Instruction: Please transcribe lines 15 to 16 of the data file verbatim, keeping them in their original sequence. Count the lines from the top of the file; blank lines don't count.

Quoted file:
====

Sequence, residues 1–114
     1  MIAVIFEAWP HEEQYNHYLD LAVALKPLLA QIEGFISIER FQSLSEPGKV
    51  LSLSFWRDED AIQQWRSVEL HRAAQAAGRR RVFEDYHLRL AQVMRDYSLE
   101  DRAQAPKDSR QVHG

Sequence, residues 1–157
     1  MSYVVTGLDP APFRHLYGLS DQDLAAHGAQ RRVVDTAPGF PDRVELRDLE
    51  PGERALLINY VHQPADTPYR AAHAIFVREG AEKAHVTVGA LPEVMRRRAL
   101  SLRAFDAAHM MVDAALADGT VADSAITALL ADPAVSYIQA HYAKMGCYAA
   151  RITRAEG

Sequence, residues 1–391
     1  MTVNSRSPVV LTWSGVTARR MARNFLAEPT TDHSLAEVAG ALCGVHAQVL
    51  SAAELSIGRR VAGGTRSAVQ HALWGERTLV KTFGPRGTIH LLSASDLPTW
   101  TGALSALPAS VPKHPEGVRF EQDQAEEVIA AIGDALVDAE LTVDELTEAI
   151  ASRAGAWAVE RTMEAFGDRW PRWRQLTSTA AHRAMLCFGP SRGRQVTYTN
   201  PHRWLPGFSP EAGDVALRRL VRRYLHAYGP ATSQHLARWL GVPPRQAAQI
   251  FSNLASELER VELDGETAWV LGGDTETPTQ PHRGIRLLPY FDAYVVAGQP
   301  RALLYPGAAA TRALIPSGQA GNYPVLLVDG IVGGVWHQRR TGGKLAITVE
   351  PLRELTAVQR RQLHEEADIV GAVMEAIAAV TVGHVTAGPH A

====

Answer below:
   201  PHRWLPGFSP EAGDVALRRL VRRYLHAYGP ATSQHLARWL GVPPRQAAQI
   251  FSNLASELER VELDGETAWV LGGDTETPTQ PHRGIRLLPY FDAYVVAGQP